California Wildfires, Climate Change, and the Hot-Dry-Windy Fire Weather Index
November 1st, 2019 by Roy W. Spencer, Ph. D.
Summer and early Fall are fire season in California. It has always been this way. Most summers experience virtually no precipitation over much of California, which means that the vegetation that grows during the cool, wet Winter becomes fuel for wildfires in Summer.
When you add the increasing population, risky forest management practices, and lack of maintenance of power lines, it should be little wonder that wildfire activity there has increased.
Few news reports of wildfires can avoid mentioning some nebulous connection of wildfires to human-caused climate change. This is a little odd from a meteorological perspective, however.
First of all, most of the historically significant wildfire events occur when COOL and DRY Canadian high pressure areas move south over the Great Basin region, causing strong downslope easterly winds (Santa Ana winds, Diablo winds). Global warming, in contrast, is supposed to result in WARMER and MOISTER air.
Secondly, the argument I’ve seen that excessive vegetation growth from a previous winter with abundant precipitation produces more fuel is opposite of the observation that fewer wildfires typically follow an unusually wet winter in California. They can’t have it both ways.
You might ask, why do SoCal temperatures sometimes rise so high before wildfire events if the source of the air is “cool” high pressure? It’s because the cooler high-altitude air over the Great Basin warms by compression as the air descends down the mountain slopes. Almost without exception (i.e., a super-adiabatic lapse rate), air at a higher altitude that is forced to descent to a low altitude will have a warmer temperature (and lower humidity) than the air it is displacing at low altitude. (While the warmth and dryness is widespread during these events, the high winds tend to be more localized to canyons and downslope areas.)
The dryness of this sinking air can be seen in this plot of the dewpoint temperature at LAX airport (Los Angeles) as dry air moved in from the east on December 4 with strong high pressure positioned over Nevada, and seven major wildfires developed and spread from the hot, dry, and locally windy conditions.
Hourly dewpoint temperatures at LAX airport from November 1 through December 31, 2017. Rapid drying is seen late on December 4, which is when the first of seven major wildfires (the Thomas fire) ignited.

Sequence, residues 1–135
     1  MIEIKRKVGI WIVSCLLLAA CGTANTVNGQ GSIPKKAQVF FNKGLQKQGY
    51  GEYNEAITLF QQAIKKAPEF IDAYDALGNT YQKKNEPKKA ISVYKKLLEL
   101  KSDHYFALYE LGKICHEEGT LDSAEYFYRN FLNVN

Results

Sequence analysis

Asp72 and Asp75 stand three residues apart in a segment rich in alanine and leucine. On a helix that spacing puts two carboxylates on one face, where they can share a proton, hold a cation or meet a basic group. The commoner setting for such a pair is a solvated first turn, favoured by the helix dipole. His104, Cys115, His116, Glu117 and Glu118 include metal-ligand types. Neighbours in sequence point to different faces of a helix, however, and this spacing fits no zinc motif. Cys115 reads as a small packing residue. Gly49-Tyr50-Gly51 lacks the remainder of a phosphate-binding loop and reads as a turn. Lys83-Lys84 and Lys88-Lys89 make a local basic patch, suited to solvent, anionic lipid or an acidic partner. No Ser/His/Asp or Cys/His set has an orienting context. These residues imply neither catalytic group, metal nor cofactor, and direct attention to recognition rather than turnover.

But have such fire-enhancing weather events increased in, say, the last 50 years or more? And even if they have, was the cause due to greenhouse gas emissions from fossil fuels? While blaming some portion of recent global average warming on increasing CO2 is somewhat easier, blaming a change in regional or local weather patterns on it is much more difficult.
In the process of looking around for an answer to this question, I found some interesting recent work that would allow someone to analyze the appropriate meteorological station data, if it hasn’t already been done.
The Hot-Dry-Windy (HDW) Fire Weather Index
In 2018, a paper was published by a university research meteorologist and U.S. Forest Service (USFS) employees from three different USFS offices that describes a simple meteorological index related to wildfire risk. They call it the Hot-Dry-Windy (HDW) index, which is simply the product of (1) the surface wind speed times (2) the water vapor pressure deficit. The vapor pressure deficit uses the same information as relative humidity (temperature and dewpoint temperature), but it is a difference rather than a ratio, which better measures the potential of air to rapidly remove moisture from dead vegetation. For example a 10% relative humidity at 40 deg. F will have low drying potential, while 10% RH at 100 deg. F will have very high drying potential.
What is especially useful is that they used 30 years of weather forecast model (GFS) data to build a website that gives daily-updated forecasts of the HDW index across the United States. For example, here’s today’s forecast.
Importantly, the HDW index does not measure the actual fire danger, which must include how dry the vegetation currently is. It only shows whether the current weather will be conducive to the rapid spread of fire if a fire is started.
If you go to that website and click on a specific location, you get a time series plot of the HDW index values from 10 days ago up through the forecast for the coming days.
Unfortunately, the website does not provide any time series of the data over the last 30 years. But I can see the technique being applied to weather station data that goes back 50 years or more, for instance the formatted weather station data available here (which is where I got the Los Angeles airport data plotted above).
Until someone does this (if they haven’t already), I think it is a mistake to blame increased wildfire activity on “climate change”, when we don’t even know if there has been a change in the meteorological events most associated with major California wildfires: the intrusion of cool Canadian high pressure areas into the U.S. Southwest.